India needs to undertake inter-ministerial consultations for ratifying any international agreement that has economy-wide implications.
The statement, issued during Prime Minister Narendra Modi’s visit to Washington, reads: “The United States reaffirms its commitment to join the Agreement as soon as possible this year.” The US has shied from using the word ‘ratification’, as it would require approval from the US senate, which President Obama is unlikely to secure from the Republican citadel.
During the negotiations between the two countries, preceding Modi’s tour, the US had insisted that India should commit to joining the Paris agreement as well by 2016-end, India, however, stopped short of such a commitment in the bilateral statement.
Consequently, the joint statement reads, “India similarly has begun its processes to work toward this shared objective.” Indian negotiators insisted upon this insertion to replace the single and asymmetric sentence that the US had offered, binding only India to ratification by the end of this year, sources told Business Standard.
The Paris agreement provides four options for the countries to adopt the global deal. Article 21(1) of the pact permits countries to ratify, accept, approve or accede. Each term has different implications in different countries’ domestic, constitutional and legal framework. For the US, a ratification of a non-trade agreement necessarily requires approval from the Senate, which President Obama is keen to avoid. But other terms, which provide options for the US President to adopt the agreement through an executive order, also leave the door open for the future US presidents to walk out.
The option available to the US, to easily walk out of the deal, worries many developing countries, including India. The fact that the US had kept out of the Kyoto Protocol after negotiating till the last moment, as well as the current election rhetoric by the Republican candidate Donald Trump, who has threatened to pull out of the Paris agreement, have impacted the negotiations between key developing countries and the US.
“President Obama is pushing hard to get the Paris agreement going as his legacy. But he can only join the agreement. He can’t ratify it. What if developing countries ratify it, helping the Paris agreement come into force by 2016-end, but the next US president walks out of it with a simple executive order? We have to be mindful of the possibilities,” said one of the negotiators.
The Paris agreement would come into force only when at least 55 countries — accounting for at least 55% of the total greenhouse gas emissions — ratify, approve, accept or accede to the agreement. India accounts for only 4.01% of total global emissions.
Domestically, India needs to undertake inter-ministerial consultations for ratifying any international agreement that has economy-wide implications. But the Modi government is not required to secure a parliamentary approval before ratifying an international treaty.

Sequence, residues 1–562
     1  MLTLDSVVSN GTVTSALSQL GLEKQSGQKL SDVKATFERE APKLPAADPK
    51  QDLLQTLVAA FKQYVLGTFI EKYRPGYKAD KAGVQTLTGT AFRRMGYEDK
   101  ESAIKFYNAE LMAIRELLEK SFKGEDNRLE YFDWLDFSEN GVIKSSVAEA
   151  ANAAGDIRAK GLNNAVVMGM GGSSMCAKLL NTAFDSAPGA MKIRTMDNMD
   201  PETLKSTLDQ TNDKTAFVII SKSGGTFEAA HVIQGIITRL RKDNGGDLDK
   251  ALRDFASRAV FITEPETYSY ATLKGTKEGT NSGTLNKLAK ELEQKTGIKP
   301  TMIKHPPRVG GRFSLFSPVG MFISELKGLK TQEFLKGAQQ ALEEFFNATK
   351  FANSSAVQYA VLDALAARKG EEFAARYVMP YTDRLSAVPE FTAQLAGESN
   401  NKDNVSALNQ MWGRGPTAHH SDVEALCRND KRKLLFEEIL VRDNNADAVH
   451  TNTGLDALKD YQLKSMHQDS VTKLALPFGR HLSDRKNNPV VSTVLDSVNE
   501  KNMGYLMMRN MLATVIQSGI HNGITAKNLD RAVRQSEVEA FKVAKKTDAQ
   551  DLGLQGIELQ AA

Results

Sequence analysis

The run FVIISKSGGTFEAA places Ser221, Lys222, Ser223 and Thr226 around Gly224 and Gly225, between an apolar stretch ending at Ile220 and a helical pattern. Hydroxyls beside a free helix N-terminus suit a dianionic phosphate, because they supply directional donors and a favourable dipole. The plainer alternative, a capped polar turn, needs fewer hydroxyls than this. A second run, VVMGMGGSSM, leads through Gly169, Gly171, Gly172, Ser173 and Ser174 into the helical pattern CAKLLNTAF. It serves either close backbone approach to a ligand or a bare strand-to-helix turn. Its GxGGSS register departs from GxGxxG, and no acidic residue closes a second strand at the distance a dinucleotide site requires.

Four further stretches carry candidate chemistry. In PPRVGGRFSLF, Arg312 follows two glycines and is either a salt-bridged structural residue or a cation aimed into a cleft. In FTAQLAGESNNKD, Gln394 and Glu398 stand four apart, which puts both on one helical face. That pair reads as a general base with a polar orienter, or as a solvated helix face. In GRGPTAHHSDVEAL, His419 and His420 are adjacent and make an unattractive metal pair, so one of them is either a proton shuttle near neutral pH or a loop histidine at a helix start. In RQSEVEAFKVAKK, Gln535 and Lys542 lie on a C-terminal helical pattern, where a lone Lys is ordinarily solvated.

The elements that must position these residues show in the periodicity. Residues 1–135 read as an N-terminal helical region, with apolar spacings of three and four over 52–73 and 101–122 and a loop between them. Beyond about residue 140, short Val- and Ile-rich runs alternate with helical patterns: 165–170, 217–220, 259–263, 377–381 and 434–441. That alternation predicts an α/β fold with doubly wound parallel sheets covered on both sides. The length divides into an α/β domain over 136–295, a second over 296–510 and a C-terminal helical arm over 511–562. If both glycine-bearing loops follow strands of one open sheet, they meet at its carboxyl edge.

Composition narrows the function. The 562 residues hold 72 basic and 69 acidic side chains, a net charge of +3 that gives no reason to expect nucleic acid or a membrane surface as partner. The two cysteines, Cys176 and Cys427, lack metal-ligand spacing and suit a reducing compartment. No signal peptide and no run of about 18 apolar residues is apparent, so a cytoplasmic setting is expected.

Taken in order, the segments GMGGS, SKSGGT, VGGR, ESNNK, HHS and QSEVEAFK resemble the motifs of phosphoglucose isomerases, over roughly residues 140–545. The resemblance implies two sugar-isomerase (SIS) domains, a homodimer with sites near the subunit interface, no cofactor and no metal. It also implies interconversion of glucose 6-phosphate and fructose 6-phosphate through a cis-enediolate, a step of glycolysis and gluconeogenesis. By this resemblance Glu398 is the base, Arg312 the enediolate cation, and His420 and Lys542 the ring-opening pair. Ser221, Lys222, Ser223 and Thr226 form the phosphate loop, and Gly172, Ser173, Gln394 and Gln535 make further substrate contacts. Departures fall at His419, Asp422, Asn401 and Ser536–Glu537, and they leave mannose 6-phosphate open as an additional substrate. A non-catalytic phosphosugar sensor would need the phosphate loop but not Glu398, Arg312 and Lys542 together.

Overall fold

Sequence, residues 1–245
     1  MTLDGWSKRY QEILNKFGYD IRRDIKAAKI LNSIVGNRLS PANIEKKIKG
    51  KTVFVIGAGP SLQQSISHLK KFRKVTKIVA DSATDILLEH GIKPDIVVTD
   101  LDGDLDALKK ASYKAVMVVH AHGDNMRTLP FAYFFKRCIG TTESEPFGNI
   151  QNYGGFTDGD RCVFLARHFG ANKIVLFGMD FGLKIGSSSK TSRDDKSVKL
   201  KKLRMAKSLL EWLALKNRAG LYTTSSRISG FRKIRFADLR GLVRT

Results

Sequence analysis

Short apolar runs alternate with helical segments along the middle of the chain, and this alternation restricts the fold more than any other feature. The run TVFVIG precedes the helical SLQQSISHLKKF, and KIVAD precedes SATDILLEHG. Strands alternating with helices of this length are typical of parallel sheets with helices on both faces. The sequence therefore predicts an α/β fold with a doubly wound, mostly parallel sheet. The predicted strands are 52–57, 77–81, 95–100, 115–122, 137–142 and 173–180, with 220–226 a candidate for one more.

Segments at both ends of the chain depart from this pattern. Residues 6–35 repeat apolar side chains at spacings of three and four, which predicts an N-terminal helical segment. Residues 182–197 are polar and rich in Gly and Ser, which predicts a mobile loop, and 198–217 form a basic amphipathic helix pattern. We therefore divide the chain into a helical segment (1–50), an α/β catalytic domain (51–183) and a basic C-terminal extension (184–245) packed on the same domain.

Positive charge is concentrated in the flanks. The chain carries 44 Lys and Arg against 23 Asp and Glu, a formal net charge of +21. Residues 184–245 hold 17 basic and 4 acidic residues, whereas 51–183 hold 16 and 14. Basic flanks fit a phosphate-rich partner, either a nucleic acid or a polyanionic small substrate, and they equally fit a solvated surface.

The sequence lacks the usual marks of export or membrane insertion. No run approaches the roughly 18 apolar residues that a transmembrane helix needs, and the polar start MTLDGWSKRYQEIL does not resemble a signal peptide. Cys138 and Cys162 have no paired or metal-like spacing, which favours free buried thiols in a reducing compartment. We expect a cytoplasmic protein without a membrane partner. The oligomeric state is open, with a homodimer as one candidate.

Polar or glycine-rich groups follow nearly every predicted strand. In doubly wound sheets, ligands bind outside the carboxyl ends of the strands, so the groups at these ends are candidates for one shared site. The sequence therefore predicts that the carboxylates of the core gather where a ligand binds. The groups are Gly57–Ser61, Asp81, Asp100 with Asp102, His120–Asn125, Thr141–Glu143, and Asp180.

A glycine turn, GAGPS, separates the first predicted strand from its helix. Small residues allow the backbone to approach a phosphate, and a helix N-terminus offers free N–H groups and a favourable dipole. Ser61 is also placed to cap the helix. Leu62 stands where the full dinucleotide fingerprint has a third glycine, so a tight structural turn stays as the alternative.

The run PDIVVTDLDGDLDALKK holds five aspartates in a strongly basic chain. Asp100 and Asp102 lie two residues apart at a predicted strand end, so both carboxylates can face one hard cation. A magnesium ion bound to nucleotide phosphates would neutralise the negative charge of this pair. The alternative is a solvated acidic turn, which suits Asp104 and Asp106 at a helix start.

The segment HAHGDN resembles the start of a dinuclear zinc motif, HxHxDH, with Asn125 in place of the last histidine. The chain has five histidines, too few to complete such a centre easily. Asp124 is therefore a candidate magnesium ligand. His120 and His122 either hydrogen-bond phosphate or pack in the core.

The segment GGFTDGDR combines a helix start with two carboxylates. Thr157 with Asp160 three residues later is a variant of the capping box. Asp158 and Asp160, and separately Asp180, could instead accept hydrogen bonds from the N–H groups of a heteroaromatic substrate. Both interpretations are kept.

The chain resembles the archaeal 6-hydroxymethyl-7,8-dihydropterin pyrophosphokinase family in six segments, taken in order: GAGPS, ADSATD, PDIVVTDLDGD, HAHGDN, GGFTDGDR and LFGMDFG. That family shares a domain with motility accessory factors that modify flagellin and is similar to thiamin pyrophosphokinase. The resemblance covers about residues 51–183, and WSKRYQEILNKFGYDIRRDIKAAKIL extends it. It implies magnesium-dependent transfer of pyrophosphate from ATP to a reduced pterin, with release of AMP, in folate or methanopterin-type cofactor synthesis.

“Broadly speaking, India would have to undertake inter-ministerial consultations, consult with states, and ensure that legislative requirements are in place for implementing the pact before the Union Cabinet ratifies the Paris agreement,” said J M Mauskar, member of the Prime Minister’s council on climate change and a former senior negotiator for India.
“I think it was a mature decision between the two allies, based on acknowledgement, appreciation and understanding of each other’s domestic and constitutional imperatives,” Mauskar said, referring to the India-US statement on climate change.
The process has already begun in India, Foreign Secretary S. Jaishankar explained during his briefing in Washington. It will require the Union government to ensure that laws pertaining to environment, forests and energy are equipped with provisions to implement the various provisions of the Paris agreement.
A current Indian negotiator also noted the complexity that lies ahead in operationalising the Paris agreement. The crucial rules for transparency, reporting and verification under the
Paris agreement and many other issues are yet to be negotiated in detail. These negotiations are to now take place between all 196 member countries of the over-arching UN climate convention. If the Paris agreement comes into force before these rules are finalised, then only those countries which join the pact would have the right to negotiate the rules. The others would be only observers — a clear disadvantage to developing countries with disparate capacities to come on board in time.
An option has been floated to bring the Paris agreement into force, permitting Obama to claim it as his legacy, and then allow all the 196 countries to negotiate the rules by putting the agreement in a technical suspension. But many developing countries, including India, are unsure of the consequence and worth of such an exercise, only to allow Obama his legacy gift
“Do we want to sign an agreement we don’t know the full contours of? Do we want to be stuck in a situation where allied developing countries are not sitting on the table to negotiate these rules? These are questions we must address before we decide to ratify the agreement,” the Indian negotiator said.
Making it more complicated for developing countries, an early ratification of the Paris agreement would also take the pressure away from the rich nations to enhance their emission-reducing actions between now and 2020, something they have so far paid only lip service to. Yet, contrary to earlier internal assessment, India has not closed the door to signing on the agreement in 2016, if the US does it as well and other issues of rule making under the Paris agreement find resolution.
This article originally appeared in Business Standard.